Aaero Review

I spent the days after receiving my copy of Aaero, developed by the small 2-man studio Mad Fellows, falling back in love with a genre that I haven’t been seriously invested in since college. As a longtime fan of rhythm based games, going all the way back to the first Guitar Hero, Gitaroo Man, Frequency/Amplitude, and of course, Rez, I jumped at the chance to spend some time with the latest game in the genre. While Aaero plays more like Rez than it does Frequency, it is a unique experience all its own.

Aaero is a twin stick, rail-shooter rhythm game that features a fully licensed dubstep soundtrack. That may be a bit of a mouthful, but the finished product is one of the most addicting experiences with a music-based game I’ve had in a long time. While the game only features 15 levels/songs, the replayability is through the roof. The learning curve here is steep, however, like other rhythm games, growth comes naturally through continued failure. Some of the artists you’ll encounter throughout the game include Flux Pavillion, Mr. Fijiwiji, Neosignal, and Habstrakt – about eleven or twelve in all with some artists boasting multiple tracks. While I was initially disappointed to find that the game only consisted of 15 levels, I got to the end of Normal mode to realize that simply beating the game does not give you passage to the Advanced difficulty setting. A 90% completion rate is required to move on – so I went back through every song I didn’t earn five stars on to see what the next challenge would bring.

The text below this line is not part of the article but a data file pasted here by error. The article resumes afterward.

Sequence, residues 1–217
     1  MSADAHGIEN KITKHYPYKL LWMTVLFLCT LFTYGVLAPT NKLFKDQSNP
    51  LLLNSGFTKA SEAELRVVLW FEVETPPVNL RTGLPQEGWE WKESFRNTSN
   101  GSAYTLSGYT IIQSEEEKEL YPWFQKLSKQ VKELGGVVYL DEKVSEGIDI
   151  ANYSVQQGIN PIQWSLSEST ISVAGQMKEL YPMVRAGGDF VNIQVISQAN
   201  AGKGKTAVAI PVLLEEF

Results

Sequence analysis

I spent the course of an evening replaying songs repeatedly (and loving every minute of it!) to see what was in store on the higher difficulty settings. I continue to go back to songs like Pure Sunlight by Mr. FijiWiji and Ill Still by SUBhuman, even after getting five stars and finding all the secrets, as I just couldn’t get enough of them. Speaking of secrets, there are many hidden items throughout each level that players must shoot to unlock. This is a fun mechanic and adds another layer to the game, though I would have liked to have seen the secrets moved and changed between difficulty levels. Not a big issue at all, but this could have added a bit more diversity as players progress through the different difficulty levels.

Over the course of the Aaero, players unlock new songs and levels based on the overall cumulative star ratings they’ve received up to that point. It’s not just a linear beat the level and move on experience, as high scores on early levels will help players stay a few songs ahead of their actual progression. There are two primary components of every level, which are all beautifully designed and have, for the most part, a unique feel to each of them. Levels usually begin with some shooting and enemy encounters before diving into the rhythm-based mechanic. Players can lock on up to eight enemies at once, or eight times on one enemy depending on the situation. The second phase of the levels peppered throughout are the rhythm-based elements where players must follow the light pattern on the outside of the rail. Some of the patterns seem almost impossible at first, however with time and a bit of patience players will get the rhythm and pace down.